Stabenow has witnessed a similar shift in the Senate. Over the years she snuck little seeds of climate action into the Farm Bill when it came up every five years, funding carbon-farming demonstration projects and reforms to allow farmers to grow soil-protecting cover crops. But she had to scrupulously avoid mentioning the two words that were to Republicans what sunlight is to vampires: “Because if we had said the words ‘climate change’ we would not have been able to get bipartisan support,” Stabenow explained.
Republicans are no longer so skittish, she said. Stabenow is working with Republican Senators Deb Fischer of Nebraska, John Thune of South Dakota, Mike Braun of Indiana, and Lindsay Graham of South Carolina, variously, on a trio of bills aimed at bringing carbon markets to farming and forestry. The most important of these three bills, The Growing Climate Solutions Act, would tell the Department of Agriculture to figure out which practices reliably remove carbon from the atmosphere, then set up a market allowing growers to make money for doing those things. There’s no longer a need for subterfuge: Republicans have begun putting their names on a bill explicitly aimed at climate change.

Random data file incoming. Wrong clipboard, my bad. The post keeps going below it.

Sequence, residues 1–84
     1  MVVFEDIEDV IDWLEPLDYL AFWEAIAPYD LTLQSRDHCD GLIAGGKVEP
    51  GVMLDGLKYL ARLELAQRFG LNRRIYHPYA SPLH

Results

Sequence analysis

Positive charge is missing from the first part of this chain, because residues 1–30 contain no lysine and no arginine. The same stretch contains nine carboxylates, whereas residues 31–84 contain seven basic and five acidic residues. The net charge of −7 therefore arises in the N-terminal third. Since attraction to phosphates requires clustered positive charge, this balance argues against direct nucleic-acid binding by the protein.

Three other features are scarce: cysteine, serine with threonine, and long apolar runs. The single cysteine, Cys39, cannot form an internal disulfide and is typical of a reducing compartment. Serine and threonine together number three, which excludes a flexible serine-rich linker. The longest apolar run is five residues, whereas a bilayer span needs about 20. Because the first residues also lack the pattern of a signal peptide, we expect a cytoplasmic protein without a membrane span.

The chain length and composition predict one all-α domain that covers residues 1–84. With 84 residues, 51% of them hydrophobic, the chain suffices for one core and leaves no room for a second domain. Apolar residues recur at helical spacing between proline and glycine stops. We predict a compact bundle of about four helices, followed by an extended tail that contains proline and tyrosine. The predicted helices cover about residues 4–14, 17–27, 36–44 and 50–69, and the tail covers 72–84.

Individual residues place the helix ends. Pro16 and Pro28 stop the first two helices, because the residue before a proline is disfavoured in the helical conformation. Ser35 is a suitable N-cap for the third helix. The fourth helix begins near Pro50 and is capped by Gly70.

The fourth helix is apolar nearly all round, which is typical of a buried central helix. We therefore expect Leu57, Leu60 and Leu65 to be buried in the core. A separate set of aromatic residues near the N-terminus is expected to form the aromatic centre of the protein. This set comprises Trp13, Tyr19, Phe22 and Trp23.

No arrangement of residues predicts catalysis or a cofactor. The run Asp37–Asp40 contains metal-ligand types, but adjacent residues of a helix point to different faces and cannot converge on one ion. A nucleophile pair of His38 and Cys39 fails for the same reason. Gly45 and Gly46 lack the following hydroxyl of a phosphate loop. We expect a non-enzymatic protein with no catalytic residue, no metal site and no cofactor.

“The folks who used to come to the floor and rail about Chinese hoaxes and fake science — all that has been shut up,” said Senator Sheldon Whitehouse, a Democrat from Rhode Island.” We are just not hearing any of that nonsense any longer.”
Whitehouse has searched high and low for ways to make climate action bipartisan. He has his name on The Growing Climate Solutions Act and has Republican allies working with him on another five bills. One would help manufacturers squelch greenhouse gas emissions, another would create a federal program to get carbon dioxide out of the air, a third would pay nuclear power plants for producing carbon-free electricity to keep cheap gas plants from crowding them out of the market, and the fourth would protect and expand the best carbon-capturing ecosystems on the planet: mangrove forests, kelp beds, and sea-grass marshes. Finally, there’s a bill with eight Republican co-sponsors that would help anyone capturing greenhouse gas to use their carbon dioxide to build new stuff.